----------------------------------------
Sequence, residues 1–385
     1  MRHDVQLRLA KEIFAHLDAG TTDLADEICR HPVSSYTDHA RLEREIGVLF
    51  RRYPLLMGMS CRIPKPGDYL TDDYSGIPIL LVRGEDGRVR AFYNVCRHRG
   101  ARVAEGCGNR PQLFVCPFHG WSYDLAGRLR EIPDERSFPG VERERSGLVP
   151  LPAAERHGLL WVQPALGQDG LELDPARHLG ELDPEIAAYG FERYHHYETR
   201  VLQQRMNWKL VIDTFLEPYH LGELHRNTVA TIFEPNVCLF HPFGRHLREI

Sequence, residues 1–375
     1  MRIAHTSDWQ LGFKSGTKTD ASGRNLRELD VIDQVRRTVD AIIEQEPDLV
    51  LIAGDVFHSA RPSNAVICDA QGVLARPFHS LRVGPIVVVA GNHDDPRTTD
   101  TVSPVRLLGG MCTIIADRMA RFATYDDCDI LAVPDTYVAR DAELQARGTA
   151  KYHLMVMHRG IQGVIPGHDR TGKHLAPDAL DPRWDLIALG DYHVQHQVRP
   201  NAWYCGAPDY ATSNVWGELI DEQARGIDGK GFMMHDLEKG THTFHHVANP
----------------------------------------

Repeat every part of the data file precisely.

Sequence, residues 1–385
     1  MRHDVQLRLA KEIFAHLDAG TTDLADEICR HPVSSYTDHA RLEREIGVLF
    51  RRYPLLMGMS CRIPKPGDYL TDDYSGIPIL LVRGEDGRVR AFYNVCRHRG
   101  ARVAEGCGNR PQLFVCPFHG WSYDLAGRLR EIPDERSFPG VERERSGLVP
   151  LPAAERHGLL WVQPALGQDG LELDPARHLG ELDPEIAAYG FERYHHYETR
   201  VLQQRMNWKL VIDTFLEPYH LGELHRNTVA TIFEPNVCLF HPFGRHLREI

Sequence, residues 1–375
     1  MRIAHTSDWQ LGFKSGTKTD ASGRNLRELD VIDQVRRTVD AIIEQEPDLV
    51  LIAGDVFHSA RPSNAVICDA QGVLARPFHS LRVGPIVVVA GNHDDPRTTD
   101  TVSPVRLLGG MCTIIADRMA RFATYDDCDI LAVPDTYVAR DAELQARGTA
   151  KYHLMVMHRG IQGVIPGHDR TGKHLAPDAL DPRWDLIALG DYHVQHQVRP
   201  NAWYCGAPDY ATSNVWGELI DEQARGIDGK GFMMHDLEKG THTFHHVANP